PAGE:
- The Washington Times - Thursday, March 22, 2018

House Republicans’ spending chief told his colleagues Wednesday that there is no waste in the $1.3 trillion spending bill lawmakers are rushing through Congress this week.

“We’ve worked to make sure not a dollar is wasted,” Rep. Rodney Frelinghuysen, New Jersey Republican, said as he defended the massive bill before the House Rules Committee, pushing back against bipartisan frustration from lawmakers who said they couldn’t stomach voting on a 2,232-page bill with less than 24 hours’ time to read it.

But no less than President Trump disagreed with him, taking to Twitter to say he “had to waste money on Dem giveaways” in the bill in order to get his own military spending increases.

Mr. Frelinhuysen’s explanation also rang hollow to Rep. Jared Polis, Colorado Democrat, who had posed the question about waste, and who said he couldn’t believe Mr. Frelinghuysen was right about every dollar being needed.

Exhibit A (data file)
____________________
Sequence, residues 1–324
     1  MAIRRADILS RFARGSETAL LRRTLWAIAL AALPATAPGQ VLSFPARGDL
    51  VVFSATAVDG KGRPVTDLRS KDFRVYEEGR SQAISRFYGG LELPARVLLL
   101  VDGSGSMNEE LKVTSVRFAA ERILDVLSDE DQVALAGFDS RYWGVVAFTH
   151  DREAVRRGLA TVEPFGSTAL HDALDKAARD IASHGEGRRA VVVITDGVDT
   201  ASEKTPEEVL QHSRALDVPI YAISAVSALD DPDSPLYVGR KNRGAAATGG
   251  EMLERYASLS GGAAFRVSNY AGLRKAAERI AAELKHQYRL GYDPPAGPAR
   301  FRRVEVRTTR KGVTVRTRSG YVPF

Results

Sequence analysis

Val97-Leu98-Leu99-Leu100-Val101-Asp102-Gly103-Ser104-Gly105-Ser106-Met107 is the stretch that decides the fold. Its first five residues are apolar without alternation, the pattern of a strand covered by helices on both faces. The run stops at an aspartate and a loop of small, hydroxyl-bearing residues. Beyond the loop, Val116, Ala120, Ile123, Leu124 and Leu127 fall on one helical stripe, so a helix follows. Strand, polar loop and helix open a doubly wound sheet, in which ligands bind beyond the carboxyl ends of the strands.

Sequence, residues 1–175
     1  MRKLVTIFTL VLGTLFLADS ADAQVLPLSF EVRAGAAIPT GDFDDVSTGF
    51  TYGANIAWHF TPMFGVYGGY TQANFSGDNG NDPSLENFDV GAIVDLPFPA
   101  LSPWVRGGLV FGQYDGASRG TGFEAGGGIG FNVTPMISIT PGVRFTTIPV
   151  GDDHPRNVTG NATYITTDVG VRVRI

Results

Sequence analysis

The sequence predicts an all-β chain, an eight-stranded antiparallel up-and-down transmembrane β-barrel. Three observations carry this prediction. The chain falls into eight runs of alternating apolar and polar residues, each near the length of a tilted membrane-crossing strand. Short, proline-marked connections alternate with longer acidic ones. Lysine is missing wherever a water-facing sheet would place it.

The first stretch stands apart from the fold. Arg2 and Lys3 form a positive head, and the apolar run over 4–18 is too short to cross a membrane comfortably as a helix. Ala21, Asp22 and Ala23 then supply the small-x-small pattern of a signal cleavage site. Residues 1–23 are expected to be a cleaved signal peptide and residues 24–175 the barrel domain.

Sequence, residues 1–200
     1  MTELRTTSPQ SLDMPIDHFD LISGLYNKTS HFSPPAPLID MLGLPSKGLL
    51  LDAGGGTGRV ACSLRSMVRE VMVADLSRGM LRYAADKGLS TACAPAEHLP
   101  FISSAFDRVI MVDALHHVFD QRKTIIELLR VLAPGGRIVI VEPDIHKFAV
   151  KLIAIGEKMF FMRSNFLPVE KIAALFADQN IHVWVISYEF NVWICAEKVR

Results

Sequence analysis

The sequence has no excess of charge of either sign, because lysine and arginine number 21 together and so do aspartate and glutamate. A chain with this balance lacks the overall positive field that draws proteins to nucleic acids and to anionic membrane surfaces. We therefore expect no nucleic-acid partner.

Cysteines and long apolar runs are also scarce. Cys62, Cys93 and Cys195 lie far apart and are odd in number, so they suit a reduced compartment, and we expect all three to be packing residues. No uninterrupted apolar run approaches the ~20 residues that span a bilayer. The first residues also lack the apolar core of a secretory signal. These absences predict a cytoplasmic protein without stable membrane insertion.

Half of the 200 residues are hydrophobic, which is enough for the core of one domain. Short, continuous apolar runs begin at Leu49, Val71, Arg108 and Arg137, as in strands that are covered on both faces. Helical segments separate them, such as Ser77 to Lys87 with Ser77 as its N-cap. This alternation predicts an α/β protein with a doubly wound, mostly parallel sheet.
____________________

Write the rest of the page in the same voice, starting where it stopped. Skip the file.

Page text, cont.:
“I would say there is a lot to find in this bill we can cut. And if we haven’t cut that, we haven’t done our work,” Mr. Polis said. “This is just no way to run a country.”

He had the bill printed on paper stacked in front of him, illustrating its heft — and the impossibility of lawmakers understanding what’s in it before they’re asked to vote on it.

“It’s just hard to read this much in one day. And more importantly, it’s money we don’t have,” he said.

The 2,232-page bill is accompanied by another 1,507 pages of reports explaining the spending decisions.

Combined, that’s 3,120 pages — more than twice the size of an average Bible.

If the House votes on the bill at noon Thursday, that would mean lawmakers would have to read 195 pages an hour in order to be ready for the vote.

Rep. Jim McGovern, Massachusetts Democrat, called forcing a vote so quickly “a lousy way to do business.”

“We just got this a couple of hours ago. I have no idea what’s in this thing,” he said, warning lawmakers not to be surprised when some provision tucked in the bill comes back to surprise them two or three weeks from now.

• Stephen Dinan can be reached at sdinan@washingtontimes.com.

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